California's Drought Worsens Uranium Pollution In Valley Wells
California’s drought isn't just causing wells to go dry, it's also contributing to a long running water pollution problem.
A new study by the U.S. Geological Survey looked at over 100 private domestic drinking water wells in the San Joaquin Valley. It found that around 1 in 4 had uranium levels above those considered safe by the EPA. Most of the wells were on the east side of the valley, which is home to sediment from the Sierra Nevada which naturally contains uranium.
USGS hydrologist Bryant Jurgens says while the uranium isn’t new, it’s now contaminating more and more groundwater.
Jurgens: “It’s really kind of a process that we sort of induced on the system. We’ve changed the chemistry of water that normally would recharge the aquifer.”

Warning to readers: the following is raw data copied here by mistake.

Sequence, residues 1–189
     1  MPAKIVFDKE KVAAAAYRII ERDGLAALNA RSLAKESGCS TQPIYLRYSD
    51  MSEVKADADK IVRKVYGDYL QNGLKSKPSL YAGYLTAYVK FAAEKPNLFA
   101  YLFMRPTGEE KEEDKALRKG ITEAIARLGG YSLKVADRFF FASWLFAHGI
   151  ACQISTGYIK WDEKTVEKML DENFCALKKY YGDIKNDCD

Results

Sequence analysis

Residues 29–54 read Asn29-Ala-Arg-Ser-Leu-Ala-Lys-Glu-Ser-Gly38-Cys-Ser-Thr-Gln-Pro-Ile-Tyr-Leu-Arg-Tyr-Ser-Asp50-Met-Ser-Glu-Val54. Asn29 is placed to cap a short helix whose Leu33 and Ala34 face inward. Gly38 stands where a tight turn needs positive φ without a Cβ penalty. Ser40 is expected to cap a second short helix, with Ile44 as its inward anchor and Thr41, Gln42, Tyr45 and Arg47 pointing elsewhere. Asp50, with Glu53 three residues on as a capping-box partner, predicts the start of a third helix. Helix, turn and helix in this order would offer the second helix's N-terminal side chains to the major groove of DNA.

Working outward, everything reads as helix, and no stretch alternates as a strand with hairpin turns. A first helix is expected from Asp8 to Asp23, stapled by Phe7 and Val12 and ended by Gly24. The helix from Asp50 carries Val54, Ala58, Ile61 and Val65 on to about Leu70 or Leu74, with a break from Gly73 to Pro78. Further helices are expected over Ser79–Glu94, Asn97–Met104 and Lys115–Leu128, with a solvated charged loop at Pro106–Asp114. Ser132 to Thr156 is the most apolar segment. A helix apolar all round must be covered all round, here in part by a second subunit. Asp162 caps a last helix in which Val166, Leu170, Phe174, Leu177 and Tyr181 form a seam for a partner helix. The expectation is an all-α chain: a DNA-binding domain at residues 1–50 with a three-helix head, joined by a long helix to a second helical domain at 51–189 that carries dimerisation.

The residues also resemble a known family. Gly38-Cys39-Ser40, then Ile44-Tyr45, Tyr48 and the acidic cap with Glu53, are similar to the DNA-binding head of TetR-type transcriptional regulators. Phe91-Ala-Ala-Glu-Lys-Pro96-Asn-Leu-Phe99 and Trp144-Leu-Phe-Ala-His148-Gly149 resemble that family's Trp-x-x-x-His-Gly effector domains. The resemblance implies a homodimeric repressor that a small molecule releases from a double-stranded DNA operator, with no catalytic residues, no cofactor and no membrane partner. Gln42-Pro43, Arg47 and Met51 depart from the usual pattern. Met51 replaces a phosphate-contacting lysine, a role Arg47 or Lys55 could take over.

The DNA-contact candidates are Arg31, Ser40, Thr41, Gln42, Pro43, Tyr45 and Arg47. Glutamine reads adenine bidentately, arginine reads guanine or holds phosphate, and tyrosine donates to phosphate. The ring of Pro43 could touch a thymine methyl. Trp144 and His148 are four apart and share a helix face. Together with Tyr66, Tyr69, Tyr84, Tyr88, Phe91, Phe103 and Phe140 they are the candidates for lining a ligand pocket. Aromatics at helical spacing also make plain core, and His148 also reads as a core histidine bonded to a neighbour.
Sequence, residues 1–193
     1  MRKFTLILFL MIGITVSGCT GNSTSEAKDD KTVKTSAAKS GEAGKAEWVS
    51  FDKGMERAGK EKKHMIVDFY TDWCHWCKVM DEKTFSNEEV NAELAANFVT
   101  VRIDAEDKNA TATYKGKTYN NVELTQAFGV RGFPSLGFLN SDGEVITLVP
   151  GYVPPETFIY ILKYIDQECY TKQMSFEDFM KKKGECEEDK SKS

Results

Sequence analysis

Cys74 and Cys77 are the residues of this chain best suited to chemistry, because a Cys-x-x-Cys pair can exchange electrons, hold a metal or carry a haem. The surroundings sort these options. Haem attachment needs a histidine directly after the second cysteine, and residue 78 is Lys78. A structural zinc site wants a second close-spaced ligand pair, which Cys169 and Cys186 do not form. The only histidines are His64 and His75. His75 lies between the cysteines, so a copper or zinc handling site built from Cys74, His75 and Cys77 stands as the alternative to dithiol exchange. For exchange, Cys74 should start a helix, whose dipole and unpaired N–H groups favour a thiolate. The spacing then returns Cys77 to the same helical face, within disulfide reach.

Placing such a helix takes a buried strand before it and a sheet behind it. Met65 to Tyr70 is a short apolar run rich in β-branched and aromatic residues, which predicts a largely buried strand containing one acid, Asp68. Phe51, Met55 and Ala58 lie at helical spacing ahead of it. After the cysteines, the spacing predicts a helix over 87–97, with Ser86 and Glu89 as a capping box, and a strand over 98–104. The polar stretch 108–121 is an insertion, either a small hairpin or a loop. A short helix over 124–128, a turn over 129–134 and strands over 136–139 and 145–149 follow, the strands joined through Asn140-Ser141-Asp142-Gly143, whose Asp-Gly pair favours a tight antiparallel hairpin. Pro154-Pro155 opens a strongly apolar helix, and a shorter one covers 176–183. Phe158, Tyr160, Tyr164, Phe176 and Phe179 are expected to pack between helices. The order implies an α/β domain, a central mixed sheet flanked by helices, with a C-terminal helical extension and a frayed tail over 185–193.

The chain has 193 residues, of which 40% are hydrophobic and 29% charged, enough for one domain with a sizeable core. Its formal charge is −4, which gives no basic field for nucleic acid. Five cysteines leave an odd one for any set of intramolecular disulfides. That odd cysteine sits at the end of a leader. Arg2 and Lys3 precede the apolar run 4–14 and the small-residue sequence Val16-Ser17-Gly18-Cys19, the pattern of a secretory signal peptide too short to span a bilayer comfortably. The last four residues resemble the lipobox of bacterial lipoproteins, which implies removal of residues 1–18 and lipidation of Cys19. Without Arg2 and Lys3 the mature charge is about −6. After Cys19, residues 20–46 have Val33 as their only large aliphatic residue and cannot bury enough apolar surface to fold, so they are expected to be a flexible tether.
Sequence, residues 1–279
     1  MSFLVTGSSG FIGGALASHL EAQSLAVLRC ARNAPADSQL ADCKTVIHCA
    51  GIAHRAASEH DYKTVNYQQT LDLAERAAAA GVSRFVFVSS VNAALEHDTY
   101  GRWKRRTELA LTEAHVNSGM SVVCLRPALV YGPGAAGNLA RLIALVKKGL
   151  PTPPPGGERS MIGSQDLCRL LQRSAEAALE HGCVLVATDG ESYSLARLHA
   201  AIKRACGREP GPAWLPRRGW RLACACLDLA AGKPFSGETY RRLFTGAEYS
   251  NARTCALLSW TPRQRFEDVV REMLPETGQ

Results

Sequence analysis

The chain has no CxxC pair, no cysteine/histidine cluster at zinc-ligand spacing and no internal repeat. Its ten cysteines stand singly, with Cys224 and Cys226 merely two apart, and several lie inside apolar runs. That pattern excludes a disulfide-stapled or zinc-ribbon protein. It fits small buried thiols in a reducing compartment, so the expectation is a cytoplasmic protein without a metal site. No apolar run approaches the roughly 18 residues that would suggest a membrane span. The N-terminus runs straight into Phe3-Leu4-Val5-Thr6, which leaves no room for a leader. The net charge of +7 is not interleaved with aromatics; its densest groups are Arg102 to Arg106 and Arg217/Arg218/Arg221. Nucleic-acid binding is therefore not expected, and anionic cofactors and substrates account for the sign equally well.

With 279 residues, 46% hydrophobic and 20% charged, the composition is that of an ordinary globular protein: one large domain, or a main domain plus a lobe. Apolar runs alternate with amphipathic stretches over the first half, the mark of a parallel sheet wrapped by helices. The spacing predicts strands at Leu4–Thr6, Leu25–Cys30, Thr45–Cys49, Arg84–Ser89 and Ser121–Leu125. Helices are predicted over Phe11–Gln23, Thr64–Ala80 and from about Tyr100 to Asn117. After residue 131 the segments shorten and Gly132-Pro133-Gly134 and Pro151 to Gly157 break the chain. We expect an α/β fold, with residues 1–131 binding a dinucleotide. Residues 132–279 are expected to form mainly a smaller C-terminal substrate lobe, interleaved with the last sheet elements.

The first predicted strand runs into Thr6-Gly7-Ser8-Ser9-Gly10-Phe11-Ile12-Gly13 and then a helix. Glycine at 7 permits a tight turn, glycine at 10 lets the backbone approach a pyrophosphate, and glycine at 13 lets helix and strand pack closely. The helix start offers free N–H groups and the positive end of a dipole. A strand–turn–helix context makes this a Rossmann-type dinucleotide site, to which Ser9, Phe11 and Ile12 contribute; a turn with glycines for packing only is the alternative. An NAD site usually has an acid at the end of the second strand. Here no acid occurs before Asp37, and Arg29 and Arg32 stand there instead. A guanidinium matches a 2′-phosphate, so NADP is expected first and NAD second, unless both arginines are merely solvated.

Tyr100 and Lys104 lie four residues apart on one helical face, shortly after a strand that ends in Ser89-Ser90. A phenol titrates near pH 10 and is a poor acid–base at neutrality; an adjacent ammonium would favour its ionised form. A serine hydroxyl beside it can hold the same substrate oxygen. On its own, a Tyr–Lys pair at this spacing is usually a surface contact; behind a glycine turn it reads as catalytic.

Jurgens says when farmers irrigate their crops or homeowners water their lawns, they set off a chemical chain reaction that makes water more acidic as it percolates down into the soil, which eventually dissolves minerals and releases uranium into the aquifer.
And California’s drought is making the problem worse.
Jurgens: “We’re pumping the aquifer a lot more and that’s going to drive this uranium water that’s generally shallow to deeper parts of the system, so it’s going to occupy a larger and larger portion of the aquifer.”
Jurgens says the issue is a bigger concern for private residential wells, which are generally shallow, and don’t have the ability to blend with other water sources like many municipal projects can.
While uranium is radioactive, it’s also a heavy metal which can accumulate in the kidneys and cause serious health problems.